After the Rudy Gay trade happened, we heard from several commenters who were eager to use the trade as a simple way of testing our Wins Produced based predictions. For example, there’s this one by commenter Andrew:
...this will be a v-e-r-y interesting test of the veracity of what on the surface seems to be irrefutable evidence that Toronto was killed in this deal. Calderon, except when his hamstrings were particularly bad a few years ago, has always been an advanced stats darling. But has he been a winner?….
And this one, by commenter Shrinidhi:
…I definitely like this trade as it sets up a (very uncontrolled) test of WP’s ability to measure the value of certain types of players. While Calderon is clearly terrific offensively, conventional wisdom and some more quantitative analysis (http://ascreamingcomesacrossthecourt.blogspot.com/2012/10/jose-calderon-example-of-how-wins.html) claim that Calderon is terrible on defense and that WP overrates him by setting his team defensive adjustment be equal to that of his teammates. If indeed Calderon plays significant minutes and Detroit does not improve significantly, would you consider re-evaluating the defensive measurements involved in wins produced?
Both pose the question: if what you thought would happen doesn’t happen, does that mean Wins Produced is flawed?
The answer is no, it probably just means that I predicted the minutes incorrectly. This is because our win predictions are largely based on minute projections for each player. Wins can be broken down simply into the following formula: Wins = Efficiency (WP48) x (Minutes Played / 48). If you increase either efficiency or minutes played, you increase your wins. For the season so far, efficiency varies between -1.068 and 0.452. Minutes, on the other hand, has varied between 1886 and 3 this season. This is a much larger range (even when we take into account that minutes get divided by 48). And minutes are much harder to predict. WP48 is very consistent from season to season, but minutes can vary wildly depending on rotations, injuries, suspensions, and trades. For example, for the three teams involved in that trade, we have already seen the following:
- In the Raptors’ last four games (one of which happened before the trade, when Amir Johnson was injured), Aaron Gray has played an average of 28.5 minutes per game, as compared to an average of 5.0 minutes per game over his previous 44 games.
- In the Grizzlies’ last two games, Ed Davis has played an average of 7.4 minutes per game, as compared to an average of 24.2 minutes per game over his previous 45 games.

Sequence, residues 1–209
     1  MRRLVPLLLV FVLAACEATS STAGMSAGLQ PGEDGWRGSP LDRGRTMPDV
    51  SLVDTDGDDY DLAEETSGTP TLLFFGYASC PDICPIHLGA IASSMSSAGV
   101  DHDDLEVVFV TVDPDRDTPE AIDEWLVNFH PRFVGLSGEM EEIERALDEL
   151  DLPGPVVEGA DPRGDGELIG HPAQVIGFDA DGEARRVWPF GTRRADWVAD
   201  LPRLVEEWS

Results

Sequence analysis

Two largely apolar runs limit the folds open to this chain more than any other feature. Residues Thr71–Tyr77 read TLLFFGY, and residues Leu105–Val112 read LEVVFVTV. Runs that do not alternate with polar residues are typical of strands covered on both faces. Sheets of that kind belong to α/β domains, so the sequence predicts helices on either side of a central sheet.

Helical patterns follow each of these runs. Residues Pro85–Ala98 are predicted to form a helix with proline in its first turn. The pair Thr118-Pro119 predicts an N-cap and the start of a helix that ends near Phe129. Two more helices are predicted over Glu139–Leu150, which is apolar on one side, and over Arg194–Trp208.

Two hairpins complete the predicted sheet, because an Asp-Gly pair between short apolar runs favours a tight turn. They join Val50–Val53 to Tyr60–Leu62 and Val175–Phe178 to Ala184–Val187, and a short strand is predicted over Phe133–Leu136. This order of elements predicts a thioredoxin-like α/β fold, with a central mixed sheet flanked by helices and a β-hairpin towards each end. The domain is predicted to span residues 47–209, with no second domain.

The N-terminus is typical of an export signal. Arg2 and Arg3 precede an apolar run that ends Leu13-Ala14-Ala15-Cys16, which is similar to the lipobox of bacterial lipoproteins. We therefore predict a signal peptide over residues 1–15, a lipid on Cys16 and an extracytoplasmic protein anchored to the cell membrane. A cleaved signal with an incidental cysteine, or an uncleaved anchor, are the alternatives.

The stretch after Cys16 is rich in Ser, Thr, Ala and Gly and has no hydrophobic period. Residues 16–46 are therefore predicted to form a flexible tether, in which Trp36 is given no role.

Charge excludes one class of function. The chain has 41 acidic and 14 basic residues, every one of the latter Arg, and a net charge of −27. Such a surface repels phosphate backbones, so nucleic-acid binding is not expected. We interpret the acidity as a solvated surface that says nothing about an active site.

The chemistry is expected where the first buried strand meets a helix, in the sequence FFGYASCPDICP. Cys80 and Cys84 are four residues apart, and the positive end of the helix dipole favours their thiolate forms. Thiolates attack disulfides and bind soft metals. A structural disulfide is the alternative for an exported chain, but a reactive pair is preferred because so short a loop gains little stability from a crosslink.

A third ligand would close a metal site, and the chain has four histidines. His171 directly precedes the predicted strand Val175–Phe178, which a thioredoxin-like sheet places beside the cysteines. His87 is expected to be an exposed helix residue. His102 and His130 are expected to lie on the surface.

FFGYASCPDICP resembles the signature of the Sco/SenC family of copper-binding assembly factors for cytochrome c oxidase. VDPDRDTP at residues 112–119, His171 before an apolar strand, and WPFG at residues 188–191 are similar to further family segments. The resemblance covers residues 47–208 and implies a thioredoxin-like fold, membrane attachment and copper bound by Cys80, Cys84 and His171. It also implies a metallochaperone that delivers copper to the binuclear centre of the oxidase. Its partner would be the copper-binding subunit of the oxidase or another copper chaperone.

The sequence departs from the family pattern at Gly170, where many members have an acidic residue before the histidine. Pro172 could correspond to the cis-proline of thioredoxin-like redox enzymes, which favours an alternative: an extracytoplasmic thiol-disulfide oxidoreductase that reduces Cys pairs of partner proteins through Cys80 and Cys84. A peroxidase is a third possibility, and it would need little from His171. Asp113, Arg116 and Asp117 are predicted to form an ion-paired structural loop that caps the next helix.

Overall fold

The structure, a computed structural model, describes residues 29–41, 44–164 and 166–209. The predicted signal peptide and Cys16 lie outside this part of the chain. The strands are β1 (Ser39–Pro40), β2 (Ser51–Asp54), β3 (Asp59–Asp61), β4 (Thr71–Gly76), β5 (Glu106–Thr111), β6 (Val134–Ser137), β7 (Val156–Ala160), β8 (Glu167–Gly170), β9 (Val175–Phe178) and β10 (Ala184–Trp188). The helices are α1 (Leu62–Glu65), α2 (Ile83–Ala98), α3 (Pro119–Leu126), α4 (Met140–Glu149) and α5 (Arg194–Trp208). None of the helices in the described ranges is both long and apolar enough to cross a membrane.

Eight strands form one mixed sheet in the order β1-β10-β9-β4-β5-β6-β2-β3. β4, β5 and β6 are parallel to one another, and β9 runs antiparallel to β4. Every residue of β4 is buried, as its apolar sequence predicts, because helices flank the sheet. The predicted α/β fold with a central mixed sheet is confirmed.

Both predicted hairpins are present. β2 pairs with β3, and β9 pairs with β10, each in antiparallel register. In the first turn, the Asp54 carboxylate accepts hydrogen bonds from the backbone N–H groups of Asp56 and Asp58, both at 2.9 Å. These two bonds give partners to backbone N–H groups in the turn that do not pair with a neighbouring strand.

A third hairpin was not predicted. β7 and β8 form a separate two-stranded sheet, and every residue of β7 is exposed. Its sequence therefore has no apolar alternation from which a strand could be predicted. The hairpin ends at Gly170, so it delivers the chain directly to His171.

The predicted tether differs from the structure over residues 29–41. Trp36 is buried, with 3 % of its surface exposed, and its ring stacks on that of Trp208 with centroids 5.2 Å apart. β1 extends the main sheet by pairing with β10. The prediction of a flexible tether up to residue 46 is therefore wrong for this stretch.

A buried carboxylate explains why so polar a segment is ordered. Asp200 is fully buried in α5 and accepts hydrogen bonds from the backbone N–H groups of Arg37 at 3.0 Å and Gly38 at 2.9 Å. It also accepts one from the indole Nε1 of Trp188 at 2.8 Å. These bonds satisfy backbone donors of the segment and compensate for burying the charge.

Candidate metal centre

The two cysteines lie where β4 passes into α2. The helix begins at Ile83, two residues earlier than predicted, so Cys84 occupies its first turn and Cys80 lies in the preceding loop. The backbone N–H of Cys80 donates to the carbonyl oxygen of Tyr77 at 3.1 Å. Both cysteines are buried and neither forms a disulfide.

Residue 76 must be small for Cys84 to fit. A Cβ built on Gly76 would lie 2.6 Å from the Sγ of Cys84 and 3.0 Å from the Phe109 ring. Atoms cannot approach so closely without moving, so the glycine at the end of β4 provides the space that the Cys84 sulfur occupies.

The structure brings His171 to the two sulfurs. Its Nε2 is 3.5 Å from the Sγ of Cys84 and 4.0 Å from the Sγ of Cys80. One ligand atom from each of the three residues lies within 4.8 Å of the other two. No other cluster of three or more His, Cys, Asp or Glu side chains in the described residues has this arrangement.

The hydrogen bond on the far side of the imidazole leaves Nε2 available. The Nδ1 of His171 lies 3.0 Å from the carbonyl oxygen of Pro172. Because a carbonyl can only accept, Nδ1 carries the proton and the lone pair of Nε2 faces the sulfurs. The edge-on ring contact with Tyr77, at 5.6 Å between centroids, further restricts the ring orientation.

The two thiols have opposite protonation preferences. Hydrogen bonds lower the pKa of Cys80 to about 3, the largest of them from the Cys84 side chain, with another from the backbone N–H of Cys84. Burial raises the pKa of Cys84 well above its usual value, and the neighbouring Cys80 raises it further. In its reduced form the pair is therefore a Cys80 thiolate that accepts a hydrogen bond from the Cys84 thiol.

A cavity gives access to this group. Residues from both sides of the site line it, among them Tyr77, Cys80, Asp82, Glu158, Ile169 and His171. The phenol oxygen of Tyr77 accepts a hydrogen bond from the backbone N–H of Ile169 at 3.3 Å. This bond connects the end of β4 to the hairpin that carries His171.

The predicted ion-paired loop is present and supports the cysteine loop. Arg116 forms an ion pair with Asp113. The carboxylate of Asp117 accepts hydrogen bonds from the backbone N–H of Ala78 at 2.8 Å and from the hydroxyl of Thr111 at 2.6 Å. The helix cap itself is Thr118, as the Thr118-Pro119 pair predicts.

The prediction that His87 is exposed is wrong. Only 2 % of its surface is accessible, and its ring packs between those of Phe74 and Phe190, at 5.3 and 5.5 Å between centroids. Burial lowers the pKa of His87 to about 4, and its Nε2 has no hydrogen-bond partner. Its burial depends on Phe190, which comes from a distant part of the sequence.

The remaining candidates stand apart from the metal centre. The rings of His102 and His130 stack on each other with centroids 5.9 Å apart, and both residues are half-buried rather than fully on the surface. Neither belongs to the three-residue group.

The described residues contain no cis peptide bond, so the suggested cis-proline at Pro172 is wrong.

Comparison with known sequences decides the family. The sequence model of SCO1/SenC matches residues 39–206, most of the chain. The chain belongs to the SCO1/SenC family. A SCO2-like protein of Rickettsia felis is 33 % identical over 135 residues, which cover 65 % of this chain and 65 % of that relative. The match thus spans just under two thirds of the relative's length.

- In their first game with Jose Calderon playing, the Pistons often played with three point guards on the court at the same time. Additionally, four players who have spent the bulk of their career playing PG played a total of 106.5 out of the teams’ 240 minutes played.
It’s worth pointing out that the circumstances mentioned above are likely to change — Gray probably isn’t going to average over 20 minutes for the rest of the season, Ed Davis is probably going to average more than 10 minutes for the rest of the season, and the Pistons will probably reduce the percentage of minutes played by their point guards — and the sample size is terribly small. But already we can see how that has affected the wins of each team involved in the short term:
- Aaron Gray is getting a lot of minutes at centre, which has allowed Amir Johnson to slide over to power forward. This has temporarily mitigated the loss of Ed Davis, at least until Andrea Bargnani returns.
- Ed Davis is coming off the bench as expected, but is stuck playing behind Darrell Arthur, who has played almost three times as much as Davis since the trade and has produced negative wins this season. This negates a large portion of the wins the Grizzlies stood to gain in the trade.
- Playing so many point guards so many minutes — particularly the ones who don’t produce efficiently (Rodney Stuckey, Brandon Knight, and Will Bynum) — negates the addition of Jose Calderon.
When we can’t predict minutes very accurately — and it’s a very hard thing to do — our win predictions can end up way off-base. This is true whether we are using Wins Produced, or Win Shares, or PER — or anything else. If we knew how many minutes each player will end up playing beforehand, then we could give you a much more accurate answer. But we can’t. As the season goes on (and barring any further trades or injuries) we’ll get a better idea of the rotations and we’ll do a better job a predicting minutes for the rest of the season. But until that time, everything is just an educated guess.
Predictions are hard.